On several occasions, I've asked whether interviews are ever capable of delivering good news for politicians and wondered why our political leaders appear content with the deal that appears to have been done with the media - in which news interviews have more or less taken over from speeches as the main means of political communication in Britain (see links below).
Vivid evidence of the damage a politician can do to himself was provided yesterday morning on a TV show in which interviews play a major part, and where the producers' best hope is that an interviewee will say something - or, better still, say some things - that will attract much wider media attention than the show normally enjoys.
This time, the interviewee was Mayor of London Boris Johnson, for whom at least three of Eddie Mair's questions caused problems (from about 7 minutes 20 seconds into the above): was he fired from The Times for inventing a story, had he told former leader of the Conservative Party Michael Howard a 'bare-faced lie' and had he talked to a friend on the phone about having someone beaten up?
Not news on the BBC?
A curious feature of this story was the way in which it didn't become a story on the BBC, whose news broadcasts later in the day carried on as if the Mair-Johnson interview wasn't news at all, even though other media outlets thought differently:
Short-term irritant or longer term damage?
The interesting question now is whether these few moments from a Sunday morning TV show will have any more lasting impact on Mr Johnson's reputation and political career.
If nothing else, I suspect that I won't be alone in watching tonight's Michael Cockerell documentary that prompted Eddie Mair's quetions (at 9.00 p.m. on BBC2).
Related posts on televised interviews
Related posts on media coverage of speeches
Ten exceptional interviews from my archives
Now that Benedict XVI has shown the world that a pope can retire when he feels a bit past it, the cardinals must have felt liberated to hand the top job to another old man.
And how very polite commentators have become. There was a time when the advanced age of the new Pope would have been a major focus for comment and complaint. But there doesn't seem to have been much of either (yet).
Since qualifying for bus and rail passes, I don't feel at all inhibited about saying that I think there's something vaguely barmy about cardinals electing a 76 year old to take charge of an organisation as big and complex as the Roman Catholic church.
Unless, of course, their hidden and hush-hush agenda was to accept the implicit change in job specification decreed by Benedict - i.e. that popes can now retire whenever they feel like it.
By opening the papacy up to anyone below the age of 80 (males only, of course) the cardinals are giving more of them a chance to become infallible. And, if old fogeys are now to become the norm rather than the exception, the Roman Catholic church won't have to suffer for too long from any mistakes the 'electorate' happens to make (as, for example, the pope emeritus?).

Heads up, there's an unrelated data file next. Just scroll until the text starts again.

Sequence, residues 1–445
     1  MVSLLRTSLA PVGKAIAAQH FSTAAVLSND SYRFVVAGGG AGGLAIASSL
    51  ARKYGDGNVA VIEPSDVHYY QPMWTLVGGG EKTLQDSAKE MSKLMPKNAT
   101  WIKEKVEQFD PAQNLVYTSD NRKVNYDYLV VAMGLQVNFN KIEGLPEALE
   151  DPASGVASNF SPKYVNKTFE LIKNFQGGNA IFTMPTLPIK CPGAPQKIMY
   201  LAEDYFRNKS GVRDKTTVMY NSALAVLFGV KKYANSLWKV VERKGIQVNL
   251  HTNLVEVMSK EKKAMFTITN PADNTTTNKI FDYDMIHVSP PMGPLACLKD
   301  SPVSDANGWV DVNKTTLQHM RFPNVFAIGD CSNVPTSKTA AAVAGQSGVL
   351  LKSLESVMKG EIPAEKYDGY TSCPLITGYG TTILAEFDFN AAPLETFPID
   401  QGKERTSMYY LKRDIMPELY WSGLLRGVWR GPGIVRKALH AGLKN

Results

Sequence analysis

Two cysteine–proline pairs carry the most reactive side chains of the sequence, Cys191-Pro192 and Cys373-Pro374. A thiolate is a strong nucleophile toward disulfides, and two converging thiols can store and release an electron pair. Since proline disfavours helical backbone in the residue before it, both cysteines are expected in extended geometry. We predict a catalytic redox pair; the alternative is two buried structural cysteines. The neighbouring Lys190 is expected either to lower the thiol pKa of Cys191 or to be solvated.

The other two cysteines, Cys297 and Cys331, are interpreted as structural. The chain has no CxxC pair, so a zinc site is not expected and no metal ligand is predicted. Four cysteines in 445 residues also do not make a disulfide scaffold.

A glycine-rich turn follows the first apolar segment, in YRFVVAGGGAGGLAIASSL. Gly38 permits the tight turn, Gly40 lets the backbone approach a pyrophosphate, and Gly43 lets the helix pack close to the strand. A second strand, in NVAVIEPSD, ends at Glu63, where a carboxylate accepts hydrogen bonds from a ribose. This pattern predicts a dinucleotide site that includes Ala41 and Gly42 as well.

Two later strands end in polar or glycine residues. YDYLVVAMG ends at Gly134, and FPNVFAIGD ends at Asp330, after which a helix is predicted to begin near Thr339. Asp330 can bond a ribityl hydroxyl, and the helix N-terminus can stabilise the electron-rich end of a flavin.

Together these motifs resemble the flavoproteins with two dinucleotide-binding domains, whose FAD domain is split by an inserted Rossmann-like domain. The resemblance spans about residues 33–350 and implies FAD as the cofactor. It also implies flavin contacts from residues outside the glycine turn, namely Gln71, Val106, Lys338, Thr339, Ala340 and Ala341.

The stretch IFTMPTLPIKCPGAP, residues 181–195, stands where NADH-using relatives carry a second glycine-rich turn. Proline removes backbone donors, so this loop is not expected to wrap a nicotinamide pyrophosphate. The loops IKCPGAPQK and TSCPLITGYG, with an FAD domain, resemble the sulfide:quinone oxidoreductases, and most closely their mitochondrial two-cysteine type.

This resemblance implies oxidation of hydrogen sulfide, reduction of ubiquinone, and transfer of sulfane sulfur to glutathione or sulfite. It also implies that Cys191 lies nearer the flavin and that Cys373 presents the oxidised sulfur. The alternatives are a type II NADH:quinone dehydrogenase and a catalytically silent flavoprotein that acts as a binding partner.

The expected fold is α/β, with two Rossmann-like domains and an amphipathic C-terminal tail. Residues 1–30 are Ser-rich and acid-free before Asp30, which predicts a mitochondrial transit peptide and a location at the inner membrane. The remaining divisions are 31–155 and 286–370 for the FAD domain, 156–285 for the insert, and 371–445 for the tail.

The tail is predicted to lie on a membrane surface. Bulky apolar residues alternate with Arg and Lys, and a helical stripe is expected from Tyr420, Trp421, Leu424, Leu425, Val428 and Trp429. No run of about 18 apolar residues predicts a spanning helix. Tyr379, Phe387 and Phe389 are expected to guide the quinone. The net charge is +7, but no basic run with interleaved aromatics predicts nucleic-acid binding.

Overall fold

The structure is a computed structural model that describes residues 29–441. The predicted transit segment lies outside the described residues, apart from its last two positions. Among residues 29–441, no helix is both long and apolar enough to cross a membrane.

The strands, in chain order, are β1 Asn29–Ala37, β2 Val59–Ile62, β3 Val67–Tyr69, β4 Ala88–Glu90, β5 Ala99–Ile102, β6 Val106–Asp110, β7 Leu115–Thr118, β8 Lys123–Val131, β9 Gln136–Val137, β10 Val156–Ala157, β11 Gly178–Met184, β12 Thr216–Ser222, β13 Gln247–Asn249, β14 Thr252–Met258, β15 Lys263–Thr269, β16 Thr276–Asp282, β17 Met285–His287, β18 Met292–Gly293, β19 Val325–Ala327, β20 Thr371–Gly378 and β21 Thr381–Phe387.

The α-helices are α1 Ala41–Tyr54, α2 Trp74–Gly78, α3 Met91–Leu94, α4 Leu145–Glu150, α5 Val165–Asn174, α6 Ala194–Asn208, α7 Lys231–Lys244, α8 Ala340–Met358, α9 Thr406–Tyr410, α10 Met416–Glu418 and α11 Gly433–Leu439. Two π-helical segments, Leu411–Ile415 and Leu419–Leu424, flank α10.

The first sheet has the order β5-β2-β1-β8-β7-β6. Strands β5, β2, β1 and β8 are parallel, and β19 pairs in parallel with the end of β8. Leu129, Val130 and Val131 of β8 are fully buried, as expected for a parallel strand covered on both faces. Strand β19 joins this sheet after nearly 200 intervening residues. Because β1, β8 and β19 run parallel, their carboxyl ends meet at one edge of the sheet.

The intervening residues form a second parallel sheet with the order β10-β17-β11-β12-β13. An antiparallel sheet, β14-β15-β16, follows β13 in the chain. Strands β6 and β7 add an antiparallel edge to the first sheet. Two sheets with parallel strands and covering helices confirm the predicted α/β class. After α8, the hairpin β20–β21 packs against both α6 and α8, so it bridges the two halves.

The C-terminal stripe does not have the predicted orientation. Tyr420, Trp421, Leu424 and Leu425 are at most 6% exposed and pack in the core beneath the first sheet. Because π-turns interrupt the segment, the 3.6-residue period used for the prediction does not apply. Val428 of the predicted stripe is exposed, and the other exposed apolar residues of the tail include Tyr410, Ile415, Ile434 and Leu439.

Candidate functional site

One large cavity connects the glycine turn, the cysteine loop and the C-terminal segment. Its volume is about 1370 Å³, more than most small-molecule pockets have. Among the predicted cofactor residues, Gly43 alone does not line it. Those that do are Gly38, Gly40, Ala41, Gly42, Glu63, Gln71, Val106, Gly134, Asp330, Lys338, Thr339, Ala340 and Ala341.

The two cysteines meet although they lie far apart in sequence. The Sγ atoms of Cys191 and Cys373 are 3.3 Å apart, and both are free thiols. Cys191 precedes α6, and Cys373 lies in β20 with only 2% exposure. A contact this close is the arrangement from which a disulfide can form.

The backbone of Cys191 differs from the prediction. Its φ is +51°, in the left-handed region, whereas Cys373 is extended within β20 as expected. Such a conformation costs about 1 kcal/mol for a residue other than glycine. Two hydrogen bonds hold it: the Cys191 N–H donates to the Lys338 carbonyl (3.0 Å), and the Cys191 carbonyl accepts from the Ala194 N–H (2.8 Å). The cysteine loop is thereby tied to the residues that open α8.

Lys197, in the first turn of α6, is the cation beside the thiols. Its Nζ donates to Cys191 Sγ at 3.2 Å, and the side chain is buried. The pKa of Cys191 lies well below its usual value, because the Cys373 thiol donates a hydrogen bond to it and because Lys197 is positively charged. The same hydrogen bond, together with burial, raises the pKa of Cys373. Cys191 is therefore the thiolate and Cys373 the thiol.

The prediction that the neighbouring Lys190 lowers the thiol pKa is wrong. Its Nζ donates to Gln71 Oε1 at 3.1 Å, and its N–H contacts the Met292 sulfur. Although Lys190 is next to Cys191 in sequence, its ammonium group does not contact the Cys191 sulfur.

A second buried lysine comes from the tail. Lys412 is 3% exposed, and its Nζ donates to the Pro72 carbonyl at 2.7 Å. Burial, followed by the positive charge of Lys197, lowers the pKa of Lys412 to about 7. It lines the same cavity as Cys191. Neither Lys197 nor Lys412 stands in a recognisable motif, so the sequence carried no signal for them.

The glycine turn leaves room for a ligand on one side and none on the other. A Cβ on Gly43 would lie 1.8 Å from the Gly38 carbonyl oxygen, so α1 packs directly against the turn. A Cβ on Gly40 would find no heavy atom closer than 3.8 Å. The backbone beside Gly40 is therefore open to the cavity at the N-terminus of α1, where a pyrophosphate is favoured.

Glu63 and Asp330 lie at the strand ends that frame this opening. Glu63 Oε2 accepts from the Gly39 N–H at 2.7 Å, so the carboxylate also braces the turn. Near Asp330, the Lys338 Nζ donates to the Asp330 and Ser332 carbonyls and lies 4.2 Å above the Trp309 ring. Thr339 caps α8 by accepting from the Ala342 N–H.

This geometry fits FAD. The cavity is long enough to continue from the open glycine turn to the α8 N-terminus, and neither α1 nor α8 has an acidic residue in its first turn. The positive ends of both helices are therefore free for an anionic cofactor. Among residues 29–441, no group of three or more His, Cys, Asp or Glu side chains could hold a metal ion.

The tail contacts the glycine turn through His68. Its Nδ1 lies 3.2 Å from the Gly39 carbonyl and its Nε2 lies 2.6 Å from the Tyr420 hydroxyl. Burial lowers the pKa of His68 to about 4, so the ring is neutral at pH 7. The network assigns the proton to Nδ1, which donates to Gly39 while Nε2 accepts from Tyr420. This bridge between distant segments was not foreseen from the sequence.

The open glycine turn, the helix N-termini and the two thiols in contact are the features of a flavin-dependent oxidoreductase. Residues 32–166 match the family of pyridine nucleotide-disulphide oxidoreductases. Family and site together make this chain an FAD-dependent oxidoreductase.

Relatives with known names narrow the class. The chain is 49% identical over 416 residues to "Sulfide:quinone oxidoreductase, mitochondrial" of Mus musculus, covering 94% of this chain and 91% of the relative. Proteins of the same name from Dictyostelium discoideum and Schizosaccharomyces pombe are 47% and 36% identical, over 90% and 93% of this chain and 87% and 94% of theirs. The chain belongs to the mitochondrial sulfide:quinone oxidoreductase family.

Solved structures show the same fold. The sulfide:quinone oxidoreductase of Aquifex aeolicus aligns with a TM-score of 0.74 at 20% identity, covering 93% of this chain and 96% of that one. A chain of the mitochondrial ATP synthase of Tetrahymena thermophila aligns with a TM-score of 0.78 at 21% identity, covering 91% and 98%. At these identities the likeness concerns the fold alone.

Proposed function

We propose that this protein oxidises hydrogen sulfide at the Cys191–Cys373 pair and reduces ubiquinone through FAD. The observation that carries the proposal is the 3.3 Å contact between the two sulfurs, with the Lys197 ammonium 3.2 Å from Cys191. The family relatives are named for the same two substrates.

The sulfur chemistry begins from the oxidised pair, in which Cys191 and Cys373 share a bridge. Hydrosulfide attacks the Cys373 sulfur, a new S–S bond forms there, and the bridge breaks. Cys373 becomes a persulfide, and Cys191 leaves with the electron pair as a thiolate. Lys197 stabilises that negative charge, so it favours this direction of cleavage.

It's good to see an old dog who hasn't forgotten what were new tricks to him when he first gave a leader's speech to his party conference 25 years ago.
Speaking to the Liberal Democrat Spring Conference in Brighton, chairman of the party's next general election campaign and former party leader Paddy Ashdown made the most of his chance to rally the troops again in what Patrick Sawyer of the Daily Telegraph referred to as 'a rousing speech'.
And what was the line that caught the media's attention?
Surprise, surprise - it was a simple contrast: “I don’t want being in government, to be a blip for the Liberal Democrats. I want it to become a habit."
I'm grateful to @HadleighRoberts for tweeting a link to this clip of Guy Verhofstadt MEP pointing out that Nigel Farage's participation in the European parliament fisheries committee rivals that of Gordon Brown's participation in the House of Commons since the last general election.
I was also interested to see that this attack on Mr Farage prompted three bursts of applause in less than two minutes, and has now been seen by nearly 100,000 YouTube viewers.
Some of the comments posted under the YouTube clip, and especially that by 'britboy4321', are well worth a read by anyone who might be thinking that Mr Farage and UKIP are worthy of so much attention (e.g. Westminster Village media reporters, editors of BBC Question Time, BBC Any Questions, etc.)...
Maria Hutchings, defeated Conservative Party candidate in yesterday's Eastleigh by-election, has provided another remarkable video-clip for my collection.
What's so peculiar about it is the 'interviewees' determined refusal to say anything at all, accompanied by an unchangingly static facial expression.
Opening questions fishing for her view on what had gone wrong, such as "Why did you do so badly?" and "You came third in a two-horse race - what went wrong?" quickly gave way to her silence as the main focus of reporters' attention: "Why won't you say anything?"; "Have you been gagged?" and "This is unbelievable."
And there was indeed something very 'unbelievable' about it, as it's so rare for a politician to refrain from speaking to the media, even in the face of such difficult questions, that I too was left wondering whether Ms Hutchings had been 'gagged' by her party machine...